If you have been injured in an accident in North Carolina, the laws of our state make it far more challenging than it should be for you to receive fair compensation for your injuries. Many of North Carolina's laws affecting the rights of injured individuals are outdated and unjust when compared to the majority of other states in the nation.
North Carolina is one of only four states to still use the outdated “contributory negligence” law. According to this law, if an individual is found to have contributed just 1% to their own injuries, they have no right to recover compensation for medical bills, property damage, permanent injuries or other damages they suffer as a result. Most states simply apportion blame to the involved parties and determine any rights to compensation accordingly. Unfortunately, the system in North Carolina favors insurance companies and hinders individuals by limiting their rights. The recent “billed v. paid” legislation further tilts the scales of justice away from the individual to the benefit of insurance companies and large corporations.
The NC General Assembly passed a law (HB 542) in 2011 to limit the evidence a plaintiff (individual) can introduce at trial when explaining to the jury what medical bills they incurred because of their injuries. Before this legislation, if an injured individual was charged $100,000 for medical treatment, they were allowed to introduce that amount to a jury as the appropriate floor for their compensation. Since this law was enacted, injured individuals can only introduce the amount it took to “satisfy” the bills they incurred, the "paid" amount, which is routinely significantly less. A majority of individuals reach a settlement with the involved insurance company prior to trial. Insurance companies typically begin negotiations at an amount above the individual's incurred medical bills. Therefore, it is easy to see how this law significantly impairs the individual's chances of receiving just compensation.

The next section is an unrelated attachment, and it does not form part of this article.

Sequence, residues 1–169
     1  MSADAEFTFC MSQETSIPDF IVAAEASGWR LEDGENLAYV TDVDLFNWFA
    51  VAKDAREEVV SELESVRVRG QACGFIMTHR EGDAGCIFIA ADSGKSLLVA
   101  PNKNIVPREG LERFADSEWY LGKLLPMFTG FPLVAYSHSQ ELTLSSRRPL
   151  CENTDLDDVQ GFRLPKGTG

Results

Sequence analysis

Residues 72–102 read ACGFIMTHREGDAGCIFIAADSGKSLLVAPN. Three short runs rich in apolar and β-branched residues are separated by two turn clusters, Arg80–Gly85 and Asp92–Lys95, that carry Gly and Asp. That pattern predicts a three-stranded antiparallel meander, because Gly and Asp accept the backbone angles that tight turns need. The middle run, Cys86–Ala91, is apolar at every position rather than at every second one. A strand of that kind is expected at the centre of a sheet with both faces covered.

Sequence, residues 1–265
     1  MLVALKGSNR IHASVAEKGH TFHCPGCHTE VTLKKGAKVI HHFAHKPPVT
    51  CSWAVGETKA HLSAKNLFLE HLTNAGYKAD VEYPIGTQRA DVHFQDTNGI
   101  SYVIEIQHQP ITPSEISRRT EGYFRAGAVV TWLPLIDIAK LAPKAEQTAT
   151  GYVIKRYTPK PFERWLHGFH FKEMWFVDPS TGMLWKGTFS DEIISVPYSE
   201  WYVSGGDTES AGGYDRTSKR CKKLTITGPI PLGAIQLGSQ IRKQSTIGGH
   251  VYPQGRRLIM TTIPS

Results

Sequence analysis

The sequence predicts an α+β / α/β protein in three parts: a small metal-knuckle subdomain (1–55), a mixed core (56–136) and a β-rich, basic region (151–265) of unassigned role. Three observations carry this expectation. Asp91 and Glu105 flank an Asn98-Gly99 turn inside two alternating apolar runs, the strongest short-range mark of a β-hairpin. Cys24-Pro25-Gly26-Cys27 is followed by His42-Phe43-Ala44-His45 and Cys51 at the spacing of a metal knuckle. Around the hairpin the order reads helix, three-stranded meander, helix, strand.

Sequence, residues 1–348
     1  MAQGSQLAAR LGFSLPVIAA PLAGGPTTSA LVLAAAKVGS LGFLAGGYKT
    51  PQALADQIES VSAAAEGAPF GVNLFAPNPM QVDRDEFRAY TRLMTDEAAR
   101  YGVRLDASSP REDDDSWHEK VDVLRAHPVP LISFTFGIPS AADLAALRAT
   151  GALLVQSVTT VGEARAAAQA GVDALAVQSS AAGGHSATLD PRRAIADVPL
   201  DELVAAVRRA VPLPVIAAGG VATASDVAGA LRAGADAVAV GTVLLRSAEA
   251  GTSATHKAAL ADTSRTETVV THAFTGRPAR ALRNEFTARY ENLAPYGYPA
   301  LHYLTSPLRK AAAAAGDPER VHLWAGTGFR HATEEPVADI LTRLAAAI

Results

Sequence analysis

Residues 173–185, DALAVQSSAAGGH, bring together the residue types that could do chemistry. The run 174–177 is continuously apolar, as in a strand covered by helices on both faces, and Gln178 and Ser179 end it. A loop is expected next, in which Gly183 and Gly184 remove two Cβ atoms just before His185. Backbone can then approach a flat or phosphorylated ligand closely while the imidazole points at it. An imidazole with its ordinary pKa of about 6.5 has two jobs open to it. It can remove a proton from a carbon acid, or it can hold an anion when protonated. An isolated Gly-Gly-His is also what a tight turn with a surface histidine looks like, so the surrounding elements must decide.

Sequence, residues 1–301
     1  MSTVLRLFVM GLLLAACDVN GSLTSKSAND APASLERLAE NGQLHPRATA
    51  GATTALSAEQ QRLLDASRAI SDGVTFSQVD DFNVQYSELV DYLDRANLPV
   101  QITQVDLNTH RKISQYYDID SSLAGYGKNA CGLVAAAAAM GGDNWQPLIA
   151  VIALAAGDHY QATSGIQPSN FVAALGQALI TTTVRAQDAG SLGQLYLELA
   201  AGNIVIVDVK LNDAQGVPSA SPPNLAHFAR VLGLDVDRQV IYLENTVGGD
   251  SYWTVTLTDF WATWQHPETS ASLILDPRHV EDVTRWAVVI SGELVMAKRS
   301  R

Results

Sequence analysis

"Billed v. paid" is a bad law and, at Crumley Roberts, we believe that its' consequences are profound. What are these consequences?
- Billed v. paid allows civil defendants to avoid personal responsibility for their actions.
- Billed v. paid prevents individuals, devastated by injuries through no fault of their own, from obtaining fair recovery.
- Billed v. paid creates a disincentive to purchase health insurance.
- Billed v. paid reduces state revenue (tax dollars) by shrinking the amount paid back to the state in cases where the plaintiff has state-sponsored health insurance.
- Billed v. paid raises the profits for national and multi-national car insurance companies who lobby the legislature with millions of dollars each year.
In North Carolina, fighting against the insurance companies is an uphill battle. At Crumley Roberts, we understand the law and we work hard to stand up for our clients to receive fair compensation for their devastating injuries.
Look for part 2 of this blog series on Monday, November 11 when we'll look at two hypothetical cases to further illustrate the devastating effects of the "billed v. paid" law.
Dré Fleury is the Personal Injury Practice Group Leader at Crumley Roberts. His passion for individual rights drives his work every day. He leads a team of personal injury attorneys and case managers throughout the state who work hard to stand up for their clients.Free Initial Consultation